Stephen Paddock worked diligently to cover his tracks in the months leading up to his October 1 Mandalay Bay massacre, but in newly released court documents, it appears his girlfriend Marilou Danley was at least tangentially involved in his passion for weaponry.

Stephen Paddock Las Vegas shooting

Stephen Paddock took his mass shooting motive to the grave, but law enforcement hopes his former girlfriend can provide additional details as to why he carried out the attack. (Image: NVDMV/Las Vegas Metro Police/Collage: Casino.org)

Ahead of Her Time

Among more than 300 pages of investigative information made public late last week by US District Judge Jennifer Dorsey, Danley admitted to at times helping Paddock load ammunition magazines. The 63-year-old Filipina told investigators that her fingerprints would probably be found on some of the weapons and ammo seized in Paddock’s Las Vegas Mandalay Bay hotel suite and Mesquite home, but maintains she had no knowledge of the attack.

However, Danley apparently put the pieces together soon after Paddock opened fire from Mandalay Bay’s 32nd-floor on the Route 91 Harvest country music concert.

The documents show that Danley, who was in the Philippines at the time of the massacre, set her Facebook account to private at 12:30 a.m. Pacific time on October 2, just a little more than two hours after Paddock killed 58 people and injured 500 others. At 2:46 a.m., her social media account was deleted. Authorities identified Paddock and released his name to the public at 3:30 am.

The Philippines are 16 hours ahead of Pacific time, meaning Danley’s actions took place in the early afternoon there.

The deadliest mass shooting in modern US history placed further strain on Las Vegas casinos. October and November were the Strip’s only back-to-back monthly gaming decline in 2017. November also marked the sixth consecutive month of visitor volume losses.

Motive Remains Unknown

Danley has never been directly or even indirectly implicated, but remains a person of interest, although FBI spokeswoman Sandra Breault refused to explain where the investigation now stands surrounding any potential involvement. In September, Paddock wired an unknown sum of money to her in the Philippines.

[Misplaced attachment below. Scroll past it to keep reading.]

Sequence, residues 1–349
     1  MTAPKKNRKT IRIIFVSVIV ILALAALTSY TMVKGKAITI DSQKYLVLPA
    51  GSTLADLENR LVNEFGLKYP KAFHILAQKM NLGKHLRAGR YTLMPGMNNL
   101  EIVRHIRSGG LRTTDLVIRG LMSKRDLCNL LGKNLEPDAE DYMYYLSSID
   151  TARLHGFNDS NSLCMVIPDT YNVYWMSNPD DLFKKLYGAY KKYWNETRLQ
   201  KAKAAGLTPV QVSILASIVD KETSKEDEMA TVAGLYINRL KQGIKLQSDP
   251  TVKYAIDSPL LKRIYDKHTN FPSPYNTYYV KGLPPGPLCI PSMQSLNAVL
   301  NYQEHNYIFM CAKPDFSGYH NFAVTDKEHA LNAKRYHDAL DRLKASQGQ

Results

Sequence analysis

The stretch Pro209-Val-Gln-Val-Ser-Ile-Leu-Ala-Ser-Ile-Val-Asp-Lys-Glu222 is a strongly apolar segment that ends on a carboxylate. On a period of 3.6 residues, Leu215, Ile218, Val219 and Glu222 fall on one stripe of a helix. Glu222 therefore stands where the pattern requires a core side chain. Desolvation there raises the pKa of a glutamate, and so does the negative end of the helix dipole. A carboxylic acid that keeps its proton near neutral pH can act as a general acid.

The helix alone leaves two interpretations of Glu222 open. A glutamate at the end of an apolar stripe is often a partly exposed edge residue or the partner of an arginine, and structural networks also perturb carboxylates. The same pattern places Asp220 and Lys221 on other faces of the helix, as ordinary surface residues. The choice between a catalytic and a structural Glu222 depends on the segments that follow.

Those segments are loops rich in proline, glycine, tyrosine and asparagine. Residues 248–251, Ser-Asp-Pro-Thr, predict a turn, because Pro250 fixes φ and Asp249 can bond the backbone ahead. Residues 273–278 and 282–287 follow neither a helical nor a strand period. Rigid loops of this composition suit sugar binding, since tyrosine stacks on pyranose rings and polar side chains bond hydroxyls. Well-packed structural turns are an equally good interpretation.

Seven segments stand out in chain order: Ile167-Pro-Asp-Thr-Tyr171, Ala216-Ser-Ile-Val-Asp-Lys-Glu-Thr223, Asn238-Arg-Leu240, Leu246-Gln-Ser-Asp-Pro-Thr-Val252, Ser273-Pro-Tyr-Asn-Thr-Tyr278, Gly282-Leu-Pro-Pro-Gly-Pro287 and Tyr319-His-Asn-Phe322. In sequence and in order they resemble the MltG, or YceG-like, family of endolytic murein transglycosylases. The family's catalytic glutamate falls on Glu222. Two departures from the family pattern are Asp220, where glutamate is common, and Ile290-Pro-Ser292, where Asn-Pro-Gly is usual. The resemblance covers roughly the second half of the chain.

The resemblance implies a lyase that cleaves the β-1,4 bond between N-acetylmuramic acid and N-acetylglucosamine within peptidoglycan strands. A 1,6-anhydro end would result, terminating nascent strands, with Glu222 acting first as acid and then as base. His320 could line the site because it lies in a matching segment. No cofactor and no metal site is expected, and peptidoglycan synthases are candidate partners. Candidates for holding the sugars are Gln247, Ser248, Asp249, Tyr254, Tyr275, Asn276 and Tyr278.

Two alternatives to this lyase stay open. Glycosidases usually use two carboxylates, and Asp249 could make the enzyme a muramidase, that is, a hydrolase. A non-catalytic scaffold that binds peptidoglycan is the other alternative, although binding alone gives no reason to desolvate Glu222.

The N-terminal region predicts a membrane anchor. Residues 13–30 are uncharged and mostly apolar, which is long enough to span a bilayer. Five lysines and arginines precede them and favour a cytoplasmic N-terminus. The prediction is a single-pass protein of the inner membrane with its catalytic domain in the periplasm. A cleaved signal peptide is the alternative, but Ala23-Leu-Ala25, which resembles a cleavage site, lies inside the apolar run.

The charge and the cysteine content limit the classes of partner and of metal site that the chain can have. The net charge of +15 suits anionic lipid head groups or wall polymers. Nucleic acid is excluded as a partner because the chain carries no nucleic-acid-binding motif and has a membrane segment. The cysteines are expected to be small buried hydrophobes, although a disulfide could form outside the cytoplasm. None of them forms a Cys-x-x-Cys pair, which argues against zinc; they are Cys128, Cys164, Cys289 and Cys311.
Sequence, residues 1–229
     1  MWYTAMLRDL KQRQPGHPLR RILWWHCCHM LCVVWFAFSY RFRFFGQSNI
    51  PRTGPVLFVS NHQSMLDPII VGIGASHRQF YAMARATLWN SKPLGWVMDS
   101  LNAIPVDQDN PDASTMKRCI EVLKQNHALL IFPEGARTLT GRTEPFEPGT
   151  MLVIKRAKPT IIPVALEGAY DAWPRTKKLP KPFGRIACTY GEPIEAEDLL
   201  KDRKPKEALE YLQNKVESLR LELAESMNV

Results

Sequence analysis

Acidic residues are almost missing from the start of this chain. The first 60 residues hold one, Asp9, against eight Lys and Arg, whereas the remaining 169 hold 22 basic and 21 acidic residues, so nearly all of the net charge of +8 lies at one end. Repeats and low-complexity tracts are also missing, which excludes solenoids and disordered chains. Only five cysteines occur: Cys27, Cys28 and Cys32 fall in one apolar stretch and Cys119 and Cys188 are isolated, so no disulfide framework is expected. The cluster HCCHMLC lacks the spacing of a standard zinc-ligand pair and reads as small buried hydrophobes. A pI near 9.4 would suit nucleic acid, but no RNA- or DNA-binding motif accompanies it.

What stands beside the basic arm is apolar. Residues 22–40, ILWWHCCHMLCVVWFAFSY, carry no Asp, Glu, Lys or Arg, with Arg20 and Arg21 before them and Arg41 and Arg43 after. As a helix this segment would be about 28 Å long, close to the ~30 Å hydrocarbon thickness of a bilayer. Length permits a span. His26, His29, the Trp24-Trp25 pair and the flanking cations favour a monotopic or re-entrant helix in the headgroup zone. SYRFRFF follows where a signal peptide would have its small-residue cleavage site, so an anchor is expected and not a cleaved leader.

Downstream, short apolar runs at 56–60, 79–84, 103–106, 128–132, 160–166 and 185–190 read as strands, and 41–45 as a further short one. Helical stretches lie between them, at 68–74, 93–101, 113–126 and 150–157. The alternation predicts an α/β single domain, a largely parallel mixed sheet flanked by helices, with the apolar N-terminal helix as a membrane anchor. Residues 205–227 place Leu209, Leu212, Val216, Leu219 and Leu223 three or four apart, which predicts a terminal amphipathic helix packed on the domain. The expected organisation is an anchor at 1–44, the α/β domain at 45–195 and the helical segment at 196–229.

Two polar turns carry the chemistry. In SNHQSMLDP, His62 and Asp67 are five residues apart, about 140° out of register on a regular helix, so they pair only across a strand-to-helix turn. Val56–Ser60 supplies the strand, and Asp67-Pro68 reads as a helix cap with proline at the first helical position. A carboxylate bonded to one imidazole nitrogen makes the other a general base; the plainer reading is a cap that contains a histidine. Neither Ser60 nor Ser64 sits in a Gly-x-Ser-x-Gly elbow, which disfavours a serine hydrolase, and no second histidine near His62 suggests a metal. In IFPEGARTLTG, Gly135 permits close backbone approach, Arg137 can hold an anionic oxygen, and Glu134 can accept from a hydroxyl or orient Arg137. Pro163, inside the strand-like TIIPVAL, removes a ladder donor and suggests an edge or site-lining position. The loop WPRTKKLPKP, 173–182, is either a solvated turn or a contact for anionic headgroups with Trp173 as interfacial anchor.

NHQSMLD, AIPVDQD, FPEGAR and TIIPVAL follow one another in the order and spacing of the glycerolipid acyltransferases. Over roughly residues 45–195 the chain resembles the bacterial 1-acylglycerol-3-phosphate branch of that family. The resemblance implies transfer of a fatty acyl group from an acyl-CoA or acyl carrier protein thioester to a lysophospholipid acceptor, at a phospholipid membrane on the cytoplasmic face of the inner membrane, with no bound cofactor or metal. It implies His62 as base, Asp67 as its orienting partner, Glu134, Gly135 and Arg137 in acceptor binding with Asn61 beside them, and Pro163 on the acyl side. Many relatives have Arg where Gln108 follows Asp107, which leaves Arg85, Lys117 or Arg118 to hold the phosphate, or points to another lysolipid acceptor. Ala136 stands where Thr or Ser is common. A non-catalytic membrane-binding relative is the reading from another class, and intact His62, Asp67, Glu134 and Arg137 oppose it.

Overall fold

As for Paddock himself, it’s become clear that he wanted his motive to remain hidden. Law enforcement agencies say he meticulously planned his attack, and took numerous steps to make sure the motivation for his actions were concealed.

He deleted nearly every digital footprint he created, used prepaid “burner” cell phones, and had various online accounts to purchase his arsenal of firearms from various internet retailers.

“The methodical nature of the planning employed by Paddock, coupled with his efforts to undermine the preceding investigation, are factors indicative of a level of sophistication which is commonly found in mass casualty events,” one affidavit read.   

Paddock’s brain tissue is currently being studied at Stanford’s Neuroscience Health Center. However, FBI officials say a report that might provide some explanation for a motive isn’t likely to be released before next fall.

A physician had prescribed Paddock the anti-anxiety drug diazepam (brand name Valium) last summer. Side effects of the medication are said to include impulsive and aggressive behavior, but not necessarily premeditated acts.

A 2004 study conducted at the University of Southern Mississippi concluded that while Valium and its generics can lead to aggressive behavior, the drug does “not significantly impair basic cognitive processes.”